Prioritise education and RD, former Intel boss tells forum


IRELAND IS falling behind other countries in education and research and development, participants in the Global Economic Forum at Farmleigh in Dublin heard yesterday.

Former Intel chief executive Craig Barrett was a keynote speaker at the plenary session following Taoiseach Brian Cowen’s speech, which was the only event inside Farmleigh which journalists were permitted to attend.

Observers said Dr Barrett portrayed Ireland’s level of investment in research and development as mediocre by comparison to its competitors.

On education, he suggested there had been a slippage in standards at the higher levels.

Dr Barrett was described as “massively impressive” by observers, who praised his straight-forward and plain-speaking style.

Dr Barrett spoke to the media afterwards and said Ireland needed to prioritise its efforts in a few areas.

“Ireland’s not a big country. It’s limited in resources, so it has to prioritise. You need to then have the education system, the RD system and the Government policies crystallised about a few areas to focus on and be world leaders in those areas,” he said.

Minister for Education Batt O’Keeffe attended the plenary session as well as a workshop on education.

He indicated that the recommendations of economist Colm McCarthy’s report were challenged.

“Certainly I suppose in total contrast to what Colm McCarthy said in his report. There was a very strong view that research and development should be an investment into the future of Ireland,” he said.

“I think there was a view in terms of education, expressed certainly at our workshop, that our education doesn’t have the standing that it had quite a number of years ago and that there is a need to look at exactly how we teach our subjects.”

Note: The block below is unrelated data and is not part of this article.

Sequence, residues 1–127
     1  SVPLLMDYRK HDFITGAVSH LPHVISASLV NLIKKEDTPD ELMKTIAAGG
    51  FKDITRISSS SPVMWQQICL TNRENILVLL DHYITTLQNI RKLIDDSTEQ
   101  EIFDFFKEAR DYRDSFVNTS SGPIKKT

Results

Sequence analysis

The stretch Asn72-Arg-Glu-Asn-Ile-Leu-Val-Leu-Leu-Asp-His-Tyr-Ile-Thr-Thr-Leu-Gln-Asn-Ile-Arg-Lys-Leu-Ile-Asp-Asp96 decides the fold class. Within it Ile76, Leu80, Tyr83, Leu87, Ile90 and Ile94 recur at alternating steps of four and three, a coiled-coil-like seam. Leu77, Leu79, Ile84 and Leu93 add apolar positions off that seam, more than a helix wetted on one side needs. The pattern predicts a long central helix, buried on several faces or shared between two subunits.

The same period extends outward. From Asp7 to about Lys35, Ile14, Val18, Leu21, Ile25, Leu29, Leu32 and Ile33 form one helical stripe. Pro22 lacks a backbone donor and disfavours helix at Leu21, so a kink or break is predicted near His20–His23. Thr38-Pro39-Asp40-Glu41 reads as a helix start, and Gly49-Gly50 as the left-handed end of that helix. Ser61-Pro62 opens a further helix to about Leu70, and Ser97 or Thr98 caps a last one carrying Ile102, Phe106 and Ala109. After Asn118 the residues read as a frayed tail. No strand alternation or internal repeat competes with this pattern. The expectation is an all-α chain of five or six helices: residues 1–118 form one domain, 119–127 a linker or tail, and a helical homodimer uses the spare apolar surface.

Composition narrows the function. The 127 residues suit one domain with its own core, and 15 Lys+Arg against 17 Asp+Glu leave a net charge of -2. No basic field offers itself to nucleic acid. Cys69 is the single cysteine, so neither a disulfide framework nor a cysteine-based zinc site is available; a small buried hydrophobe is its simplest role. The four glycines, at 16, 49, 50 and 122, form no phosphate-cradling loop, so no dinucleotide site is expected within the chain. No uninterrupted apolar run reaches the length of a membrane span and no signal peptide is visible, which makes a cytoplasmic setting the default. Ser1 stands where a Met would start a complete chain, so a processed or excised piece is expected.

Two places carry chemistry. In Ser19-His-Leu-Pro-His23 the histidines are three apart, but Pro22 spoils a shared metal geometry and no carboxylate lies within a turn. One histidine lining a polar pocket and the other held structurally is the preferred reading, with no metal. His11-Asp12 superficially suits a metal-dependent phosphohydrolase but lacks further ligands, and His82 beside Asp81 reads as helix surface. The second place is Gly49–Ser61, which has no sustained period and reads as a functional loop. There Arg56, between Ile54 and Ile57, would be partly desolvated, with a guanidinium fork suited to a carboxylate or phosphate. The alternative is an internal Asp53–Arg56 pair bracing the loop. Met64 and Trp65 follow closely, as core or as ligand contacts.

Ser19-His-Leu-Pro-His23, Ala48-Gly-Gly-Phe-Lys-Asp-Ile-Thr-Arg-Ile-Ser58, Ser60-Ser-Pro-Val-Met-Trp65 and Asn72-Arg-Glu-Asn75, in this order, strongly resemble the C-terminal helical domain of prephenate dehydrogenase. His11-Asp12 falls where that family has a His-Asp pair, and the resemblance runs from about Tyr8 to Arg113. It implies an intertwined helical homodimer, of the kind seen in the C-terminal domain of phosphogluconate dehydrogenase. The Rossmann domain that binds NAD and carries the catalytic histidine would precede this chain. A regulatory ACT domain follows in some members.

Mr O’Keeffe said he was pleased to hear so many experts had said education must be protected at all costs.

He said he would remind Minister for Finance Brian Lenihan of that ahead of the pre-budget estimates.

“It’s still going to be a very tough estimate and everything is going to be impacted upon, but I think anybody who was in there today will see that the leaders in industry out there believe that whatever growth we’ll have will be stimulated from education itself.”

Minister for Foreign Affairs Micheál Martin also attended the opening event and took part in a workshop on helping export companies, which he said produced proposals that could be brought to Government.

“A big, strong theme today was the degree to which the centre of gravity is changing in the world towards Asia,” he said.

Bob Geldof, who was a guest at the forum, also confirmed that there were suggestions from experts that the State needed to spend more on research and development.

“There was a suggestion in our group for example that there should be a mandated 3 per cent expenditure on research and development, which is much lower than, let’s say, a southeast Asian economy, which is an emerging economy,” he said.